Brompton Mafia

I need to work out a solution for checking the bike for air travel, but I would need to store (or ditch) the bag/box at the airport. I'm just too fond of this standard "2-item item carry-on" while bicycle touring as I take everything with me in trains, buses, restaurants and I like to "baby stroller" my rig through stores, museums and malls.

Did you get assessed for oversized luggage with that box? - sure looks over 62".
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Old 11-24-16, 08:49 AM
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I'd love to see what you have in the frame, any pictures? I'm trying to picture the first aid kit. I still have the steering tube free, but it's quite thin, so I'm not sure what I'd need in there yet.

I love touring on my brompton, in fact it's the only bike I've ever toured on! I'm too scared the airline staff will take my bike away at the gate, and it will be unprotected then. Not something I want to chance, I'll just keep watching the brompton mafia to see how they fare.

The box itself is 22" x 25" x 12" so a total of 59". The bag adds a little puffiness, but if they complain I'll help them measure and hold the bag tight to the box. I had one luggage strap around it, so that kept it more compact. There was no complaint this time though.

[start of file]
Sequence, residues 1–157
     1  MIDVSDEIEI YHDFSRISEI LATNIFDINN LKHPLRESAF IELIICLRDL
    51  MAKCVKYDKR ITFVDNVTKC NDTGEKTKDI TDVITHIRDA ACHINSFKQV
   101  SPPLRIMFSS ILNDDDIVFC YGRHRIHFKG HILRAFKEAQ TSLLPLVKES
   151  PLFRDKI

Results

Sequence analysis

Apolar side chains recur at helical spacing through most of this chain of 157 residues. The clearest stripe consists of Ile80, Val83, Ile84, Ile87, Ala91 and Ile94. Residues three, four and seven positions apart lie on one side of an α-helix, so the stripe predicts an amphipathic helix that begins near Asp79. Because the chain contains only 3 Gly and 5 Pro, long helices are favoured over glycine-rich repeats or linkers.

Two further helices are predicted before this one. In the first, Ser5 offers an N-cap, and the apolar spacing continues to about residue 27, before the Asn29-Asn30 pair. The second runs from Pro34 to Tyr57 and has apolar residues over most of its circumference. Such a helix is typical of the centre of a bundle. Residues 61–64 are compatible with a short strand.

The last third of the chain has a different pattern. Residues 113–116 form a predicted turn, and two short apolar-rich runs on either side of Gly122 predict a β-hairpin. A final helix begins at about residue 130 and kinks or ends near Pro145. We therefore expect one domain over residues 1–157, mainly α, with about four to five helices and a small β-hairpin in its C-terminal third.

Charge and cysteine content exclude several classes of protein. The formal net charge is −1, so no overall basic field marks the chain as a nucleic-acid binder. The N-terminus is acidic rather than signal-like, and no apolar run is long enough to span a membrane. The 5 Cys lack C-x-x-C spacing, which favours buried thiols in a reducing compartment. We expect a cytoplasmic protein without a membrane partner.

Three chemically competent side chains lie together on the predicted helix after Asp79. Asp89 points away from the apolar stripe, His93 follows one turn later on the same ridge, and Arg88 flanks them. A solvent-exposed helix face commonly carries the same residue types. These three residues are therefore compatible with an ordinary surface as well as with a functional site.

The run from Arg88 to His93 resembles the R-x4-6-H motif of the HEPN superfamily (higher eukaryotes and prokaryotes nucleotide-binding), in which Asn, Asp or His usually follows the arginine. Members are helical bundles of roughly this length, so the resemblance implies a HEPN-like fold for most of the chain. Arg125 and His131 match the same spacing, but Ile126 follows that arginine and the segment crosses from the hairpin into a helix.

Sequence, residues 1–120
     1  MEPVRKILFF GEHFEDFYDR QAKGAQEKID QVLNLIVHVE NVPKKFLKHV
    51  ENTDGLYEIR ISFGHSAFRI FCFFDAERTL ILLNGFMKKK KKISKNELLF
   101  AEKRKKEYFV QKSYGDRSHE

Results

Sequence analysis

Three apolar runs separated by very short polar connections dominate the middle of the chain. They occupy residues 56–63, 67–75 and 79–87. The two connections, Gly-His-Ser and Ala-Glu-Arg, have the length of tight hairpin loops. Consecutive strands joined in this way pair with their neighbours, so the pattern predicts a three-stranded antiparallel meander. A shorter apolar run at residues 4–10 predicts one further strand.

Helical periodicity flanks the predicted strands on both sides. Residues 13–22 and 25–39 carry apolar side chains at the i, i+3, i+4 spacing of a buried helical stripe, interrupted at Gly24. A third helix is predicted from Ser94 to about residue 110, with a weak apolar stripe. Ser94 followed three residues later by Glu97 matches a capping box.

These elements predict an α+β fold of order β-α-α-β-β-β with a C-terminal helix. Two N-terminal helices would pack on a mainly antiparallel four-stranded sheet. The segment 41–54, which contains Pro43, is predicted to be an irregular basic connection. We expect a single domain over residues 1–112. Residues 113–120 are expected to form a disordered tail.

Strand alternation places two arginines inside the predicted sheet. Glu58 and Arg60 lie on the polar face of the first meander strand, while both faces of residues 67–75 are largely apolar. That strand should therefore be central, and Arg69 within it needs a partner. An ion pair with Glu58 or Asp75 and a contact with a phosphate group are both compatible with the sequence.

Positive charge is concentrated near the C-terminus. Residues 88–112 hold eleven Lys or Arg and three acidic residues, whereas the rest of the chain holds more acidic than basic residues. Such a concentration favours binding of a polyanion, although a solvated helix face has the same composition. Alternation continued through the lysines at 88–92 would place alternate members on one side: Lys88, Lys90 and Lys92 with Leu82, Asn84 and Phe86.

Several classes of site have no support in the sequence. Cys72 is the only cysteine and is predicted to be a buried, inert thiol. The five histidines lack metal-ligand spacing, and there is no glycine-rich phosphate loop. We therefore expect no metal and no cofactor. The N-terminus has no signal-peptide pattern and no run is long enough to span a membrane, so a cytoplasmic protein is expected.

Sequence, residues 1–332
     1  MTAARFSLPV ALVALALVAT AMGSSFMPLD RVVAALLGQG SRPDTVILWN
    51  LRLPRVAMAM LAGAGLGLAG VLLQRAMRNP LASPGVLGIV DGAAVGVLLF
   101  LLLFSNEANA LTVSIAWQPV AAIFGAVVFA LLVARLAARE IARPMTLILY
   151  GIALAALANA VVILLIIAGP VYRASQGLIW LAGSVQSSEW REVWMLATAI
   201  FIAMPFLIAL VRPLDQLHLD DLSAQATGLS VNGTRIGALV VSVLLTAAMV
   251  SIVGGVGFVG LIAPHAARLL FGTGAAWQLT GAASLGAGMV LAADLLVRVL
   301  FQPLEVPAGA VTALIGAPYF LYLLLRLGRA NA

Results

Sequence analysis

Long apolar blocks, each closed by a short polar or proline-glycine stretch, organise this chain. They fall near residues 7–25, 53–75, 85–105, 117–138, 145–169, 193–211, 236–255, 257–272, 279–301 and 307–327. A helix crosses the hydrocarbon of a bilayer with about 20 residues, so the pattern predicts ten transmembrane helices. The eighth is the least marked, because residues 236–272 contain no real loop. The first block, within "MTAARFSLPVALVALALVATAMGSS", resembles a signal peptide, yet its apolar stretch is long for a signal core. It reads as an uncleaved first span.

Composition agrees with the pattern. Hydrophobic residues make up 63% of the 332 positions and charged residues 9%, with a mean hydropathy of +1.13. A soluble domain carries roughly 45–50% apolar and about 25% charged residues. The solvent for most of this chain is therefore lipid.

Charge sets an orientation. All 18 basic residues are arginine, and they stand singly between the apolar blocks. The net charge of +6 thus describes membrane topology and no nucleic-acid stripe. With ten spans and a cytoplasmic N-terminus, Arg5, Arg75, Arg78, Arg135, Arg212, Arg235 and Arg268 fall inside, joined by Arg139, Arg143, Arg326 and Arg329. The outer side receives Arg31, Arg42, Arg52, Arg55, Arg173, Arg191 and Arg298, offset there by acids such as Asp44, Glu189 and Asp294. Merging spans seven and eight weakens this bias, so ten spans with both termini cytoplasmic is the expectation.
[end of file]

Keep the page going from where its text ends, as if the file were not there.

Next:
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Old 11-24-16, 09:39 AM
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Patrickza, please post some photos of how you made the box, specifically what kind of plastic , how the seams are joined etc. That is ingenious and I am really impressed. It appears it would last for many trips and should serve you well for years to come.
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Old 11-24-16, 11:13 AM
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Here's what's in my seat tube and frame tube. I'm a multi-tasker type so my first aid kit uses Vaseline as antibiotic ointment, OB tampon cotton + Gorilla tape for butterfly/gauze bandages, and 1X1" bandaids can be linked for 2x2" bandaids. I also use Vasoline (diluted) for hand and face skin moisturizer (moved it to the frame tube). For emergencies, there's a space blanket, Vaseline+tampon cotton for fire starter, and an Aqua Mira/ALoksak water purification kit.


That's awesome if you're under 62".... I too would love to see some construction info/pix.
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Old 11-24-16, 01:27 PM
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Thanks for sharing your ideas in pics and video.. I like the storage in the seat tube and frame.
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Old 11-24-16, 01:54 PM